Since both TechTat and ChannelEM are essentially no longer updated, I didn’t want to have to worry about maintaining them on the server. I’ve backed up their installations, and created static html versions of each website which are now up at the URLs below.

    The static sites are not perfect, and may have some missing thumbnails, background images, or pages that were created on-the-fly by applications. Regardless, all the pages and their information should be intact. The original domains should work until I let them expire, but for now they will offer up a redirect to the new static sites. Neither Techtat nor ChannelEM ever got the traction I hoped they would, though they proved to be interesting projects when they were active. ChannelEM in particular, when it worked, worked very well and I would love to apply the approach of an online television station developed there to another project down the road.

    Until then, I’ll narrow my focus a bit, and continue my “Spring Cleaning” as best as I can.


    Archiving Radio

    A few months ago, I got involved with my university’s radio station. It happened unexpectedly. I was out with some friends in the city and two of us made our way back to the school campus. My friend, a member of the station, had to run inside to check something out and ended up calling me in because there was some older gear that he wanted me to take a look at. I was walked past walls of posters and sticker-covered doors to the engineering closet. The small space was half the size of an average bedroom, but was packed to the brim with decades of electronics. Needless to say, I was instantly excited to be there and started digging through components and old part boxes. A few weeks later, after emailing back and forth with a few people, I became something of an adjunct member with a focus in engineering. This meant anything from fixing the doorbell to troubleshooting server issues, the modified light fixtures, the broken Ms. Pac-Man arcade machine, or a loose tone-arm on a turntable. There are tons of opportunities for something to do, all of which I have found enjoyment in so far.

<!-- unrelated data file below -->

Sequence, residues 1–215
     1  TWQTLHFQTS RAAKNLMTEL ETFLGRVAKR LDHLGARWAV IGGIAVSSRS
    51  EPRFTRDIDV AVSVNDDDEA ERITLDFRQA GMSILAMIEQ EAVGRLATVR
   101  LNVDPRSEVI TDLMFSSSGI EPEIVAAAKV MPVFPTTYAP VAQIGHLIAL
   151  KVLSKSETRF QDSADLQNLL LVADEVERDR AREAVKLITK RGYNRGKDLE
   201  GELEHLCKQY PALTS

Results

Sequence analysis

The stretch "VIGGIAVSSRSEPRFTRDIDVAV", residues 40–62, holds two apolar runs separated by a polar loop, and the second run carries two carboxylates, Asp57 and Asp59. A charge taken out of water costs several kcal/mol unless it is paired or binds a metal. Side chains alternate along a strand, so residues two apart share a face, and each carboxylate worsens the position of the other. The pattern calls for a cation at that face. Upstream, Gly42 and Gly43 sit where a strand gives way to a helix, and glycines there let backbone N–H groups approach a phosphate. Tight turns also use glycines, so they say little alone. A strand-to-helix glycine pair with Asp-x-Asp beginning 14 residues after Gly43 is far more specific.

Let’s take a step back. This radio station isn’t a new fixture by any means. I feel that when people think of college radio these days they imagine a mostly empty room with a sound board and a computer. Young DJ’s, come in, hook up their iPod, and go to work.